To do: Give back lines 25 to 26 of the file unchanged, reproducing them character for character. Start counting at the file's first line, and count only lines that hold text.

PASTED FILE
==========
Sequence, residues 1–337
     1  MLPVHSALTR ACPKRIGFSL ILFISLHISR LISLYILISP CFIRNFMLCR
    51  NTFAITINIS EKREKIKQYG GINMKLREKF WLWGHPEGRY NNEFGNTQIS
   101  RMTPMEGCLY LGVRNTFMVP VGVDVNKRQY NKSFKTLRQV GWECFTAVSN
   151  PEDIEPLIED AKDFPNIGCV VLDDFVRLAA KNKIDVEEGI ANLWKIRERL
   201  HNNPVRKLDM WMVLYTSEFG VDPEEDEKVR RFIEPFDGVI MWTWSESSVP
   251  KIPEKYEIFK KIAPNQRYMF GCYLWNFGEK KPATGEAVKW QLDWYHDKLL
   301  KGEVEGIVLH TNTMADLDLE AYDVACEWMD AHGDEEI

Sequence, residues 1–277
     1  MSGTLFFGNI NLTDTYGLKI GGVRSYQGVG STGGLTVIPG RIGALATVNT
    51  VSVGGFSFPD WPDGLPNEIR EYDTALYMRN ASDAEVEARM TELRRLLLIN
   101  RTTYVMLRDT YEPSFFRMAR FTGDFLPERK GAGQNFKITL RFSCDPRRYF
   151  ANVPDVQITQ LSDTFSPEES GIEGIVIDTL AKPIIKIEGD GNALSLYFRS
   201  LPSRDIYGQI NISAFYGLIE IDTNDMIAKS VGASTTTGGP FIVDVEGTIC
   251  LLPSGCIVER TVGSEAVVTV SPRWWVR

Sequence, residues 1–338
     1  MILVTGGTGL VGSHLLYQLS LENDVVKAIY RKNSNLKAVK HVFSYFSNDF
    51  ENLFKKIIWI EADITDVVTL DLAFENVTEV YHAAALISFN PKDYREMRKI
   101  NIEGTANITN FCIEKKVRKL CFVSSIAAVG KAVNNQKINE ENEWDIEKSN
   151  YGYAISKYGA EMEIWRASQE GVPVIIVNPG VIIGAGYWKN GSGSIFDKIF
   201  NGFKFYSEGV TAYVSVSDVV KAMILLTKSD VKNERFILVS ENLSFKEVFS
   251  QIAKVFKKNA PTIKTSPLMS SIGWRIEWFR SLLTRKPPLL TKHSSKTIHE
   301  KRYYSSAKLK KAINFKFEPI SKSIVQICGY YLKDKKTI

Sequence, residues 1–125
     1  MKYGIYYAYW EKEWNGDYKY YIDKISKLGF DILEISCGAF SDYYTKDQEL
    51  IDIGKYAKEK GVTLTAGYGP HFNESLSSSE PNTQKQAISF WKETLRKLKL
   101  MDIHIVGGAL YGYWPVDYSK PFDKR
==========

     1  MKYGIYYAYW EKEWNGDYKY YIDKISKLGF DILEISCGAF SDYYTKDQEL
    51  IDIGKYAKEK GVTLTAGYGP HFNESLSSSE PNTQKQAISF WKETLRKLKL